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The Design

A Tour of Brooklyn Bridge Park with Michael Van Valkenburgh

Landscape Architect Michael Van Valkenburgh discusses the design and function of the park in this short video. The video was produced by Architectural Record magazine in association with a recent article on the park. Enjoy!

View the video on the following website: http://video.construction.com/?fr_story=6ec308b8d2d7f9182da37075f829344eb0102671&rf=sitemap


Brooklyn’s Waterfront: Future History

Ethan Carr, Landscape Historian, August 2009

The post-industrial waterfront of Brooklyn presents a once-in-a-lifetime opportunity for the neighborhoods of Brooklyn and for the city as a whole. Eighty-five acres of new parkland—adjacent to 800 acres of open water and harbor views— make this the most auspicious Brooklyn park project since Calvert Vaux and Frederick Law Olmsted designed Prospect Park 140 years ago. Great park projects in New York have never resulted in just local amenities. New York’s parks launched a national tradition of park making because they fused social functionality with the emotional impact of landscape aesthetics. Central and Prospect Parks succeeded as truly public art: sequences of landscape scenes that also served vital needs for fresh air, open spaces to play, lakes for boating and skating, and paths for walking and riding. This required a kind of alchemy that took the ordinary features of a site—rock outcrops, hydrologic patterns, topography—and transmuted them into nobler and more powerful versions of themselves.

Park Plan

Brooklyn Bridge Park demands to continue this tradition. This is not just a Brooklyn park or a New York park. It involves economic, social, and design issues that promise to change how Americans think about park making for the new century. The site, which exhibits some of the worst effects of mid-twentieth-century urbanization, embodies the kinds of challenges Olmsted and Vaux faced. The Central Park site, for example, was once considered to have little potential for beauty, until the designers demonstrated that it was, after all, pure gold.  Brooklyn has changed in 140 years, and successful park design will adapt to new populations and requirements of our modern times. But some basic human needs—to appreciate landscape beauty, to play in open space, to experience genuine public life and a sense of community— are still met by great parks. Well-designed parks still allow us to feel the magical sense of “enlarged freedom” that Olmsted described in the Long Meadow.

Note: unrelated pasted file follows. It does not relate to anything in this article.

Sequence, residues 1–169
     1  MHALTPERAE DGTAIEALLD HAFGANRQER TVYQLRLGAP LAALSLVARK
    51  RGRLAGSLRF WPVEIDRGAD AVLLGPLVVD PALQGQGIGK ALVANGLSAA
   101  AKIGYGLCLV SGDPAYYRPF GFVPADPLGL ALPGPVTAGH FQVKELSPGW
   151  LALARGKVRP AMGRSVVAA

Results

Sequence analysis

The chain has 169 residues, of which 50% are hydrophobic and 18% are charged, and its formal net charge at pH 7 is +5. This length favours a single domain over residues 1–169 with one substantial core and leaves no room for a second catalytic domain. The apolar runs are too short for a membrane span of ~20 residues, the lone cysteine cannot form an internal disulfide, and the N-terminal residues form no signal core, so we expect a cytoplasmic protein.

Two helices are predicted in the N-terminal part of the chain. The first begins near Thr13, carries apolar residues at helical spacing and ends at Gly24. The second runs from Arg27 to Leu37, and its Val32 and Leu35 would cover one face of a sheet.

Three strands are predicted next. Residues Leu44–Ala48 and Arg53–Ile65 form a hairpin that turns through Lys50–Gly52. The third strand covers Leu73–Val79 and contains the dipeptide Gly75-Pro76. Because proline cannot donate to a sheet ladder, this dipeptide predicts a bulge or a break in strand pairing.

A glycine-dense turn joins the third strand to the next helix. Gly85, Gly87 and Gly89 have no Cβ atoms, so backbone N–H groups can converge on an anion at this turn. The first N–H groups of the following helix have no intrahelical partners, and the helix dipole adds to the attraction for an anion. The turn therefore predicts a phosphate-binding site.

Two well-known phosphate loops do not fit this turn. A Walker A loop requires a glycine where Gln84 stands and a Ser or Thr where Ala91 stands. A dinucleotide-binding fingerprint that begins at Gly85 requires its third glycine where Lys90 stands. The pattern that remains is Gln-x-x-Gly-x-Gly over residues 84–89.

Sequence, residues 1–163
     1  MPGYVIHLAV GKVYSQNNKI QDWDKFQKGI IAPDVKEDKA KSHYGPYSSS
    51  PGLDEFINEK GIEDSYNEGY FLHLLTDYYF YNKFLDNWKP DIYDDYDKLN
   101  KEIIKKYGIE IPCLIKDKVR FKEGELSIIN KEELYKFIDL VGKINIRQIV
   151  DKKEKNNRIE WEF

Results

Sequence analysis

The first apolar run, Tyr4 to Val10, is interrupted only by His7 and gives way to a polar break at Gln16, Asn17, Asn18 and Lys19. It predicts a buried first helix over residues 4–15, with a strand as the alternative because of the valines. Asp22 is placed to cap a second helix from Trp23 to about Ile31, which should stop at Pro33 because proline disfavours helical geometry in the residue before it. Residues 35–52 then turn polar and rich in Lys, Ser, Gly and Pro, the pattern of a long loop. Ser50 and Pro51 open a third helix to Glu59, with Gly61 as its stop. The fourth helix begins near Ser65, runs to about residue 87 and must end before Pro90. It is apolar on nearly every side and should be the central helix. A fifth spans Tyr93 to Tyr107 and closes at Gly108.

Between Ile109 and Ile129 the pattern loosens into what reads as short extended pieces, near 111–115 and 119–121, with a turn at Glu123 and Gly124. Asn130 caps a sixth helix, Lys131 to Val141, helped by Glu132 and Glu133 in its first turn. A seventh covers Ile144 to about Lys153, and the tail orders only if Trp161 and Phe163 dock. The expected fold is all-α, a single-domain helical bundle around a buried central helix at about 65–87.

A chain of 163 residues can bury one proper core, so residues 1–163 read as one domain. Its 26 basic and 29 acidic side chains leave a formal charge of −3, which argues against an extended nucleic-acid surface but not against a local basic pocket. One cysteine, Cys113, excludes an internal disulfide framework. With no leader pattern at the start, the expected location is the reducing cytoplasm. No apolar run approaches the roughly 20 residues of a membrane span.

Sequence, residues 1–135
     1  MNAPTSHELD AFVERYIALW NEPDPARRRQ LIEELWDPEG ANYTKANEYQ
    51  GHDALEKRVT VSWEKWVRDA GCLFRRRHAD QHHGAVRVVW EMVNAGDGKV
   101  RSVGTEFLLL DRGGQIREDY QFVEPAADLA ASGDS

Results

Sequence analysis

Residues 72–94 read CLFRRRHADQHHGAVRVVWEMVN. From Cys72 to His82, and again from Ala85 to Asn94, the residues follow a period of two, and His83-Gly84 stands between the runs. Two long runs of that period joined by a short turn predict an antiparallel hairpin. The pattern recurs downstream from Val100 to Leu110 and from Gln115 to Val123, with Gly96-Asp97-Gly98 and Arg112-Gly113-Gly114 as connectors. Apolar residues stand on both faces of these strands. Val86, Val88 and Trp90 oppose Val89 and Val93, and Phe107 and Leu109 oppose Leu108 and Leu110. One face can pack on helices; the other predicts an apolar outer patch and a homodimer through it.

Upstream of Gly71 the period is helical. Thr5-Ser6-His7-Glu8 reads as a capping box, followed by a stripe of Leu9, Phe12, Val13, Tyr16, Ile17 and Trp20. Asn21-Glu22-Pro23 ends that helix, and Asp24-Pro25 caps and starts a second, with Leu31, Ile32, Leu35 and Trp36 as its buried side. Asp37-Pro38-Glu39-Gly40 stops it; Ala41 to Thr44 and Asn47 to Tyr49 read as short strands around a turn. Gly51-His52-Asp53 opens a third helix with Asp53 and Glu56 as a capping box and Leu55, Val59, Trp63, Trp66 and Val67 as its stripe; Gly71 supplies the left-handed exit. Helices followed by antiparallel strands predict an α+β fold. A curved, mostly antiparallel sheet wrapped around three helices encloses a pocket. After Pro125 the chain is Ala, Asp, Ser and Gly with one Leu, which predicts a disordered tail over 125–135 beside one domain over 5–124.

The Brooklyn Bridge Park site has landscape features—awesome views of harbor and skyline, a built shoreline shaped by trains and shipping, the imposing BQE—that will make it a great park. It is up to today’s designers, artists, and community residents to guide the creative transformation of place that is park making. The master plan presented here describes a framework for how a powerful park landscape can, again, address a new generation of vital social and environmental concerns.

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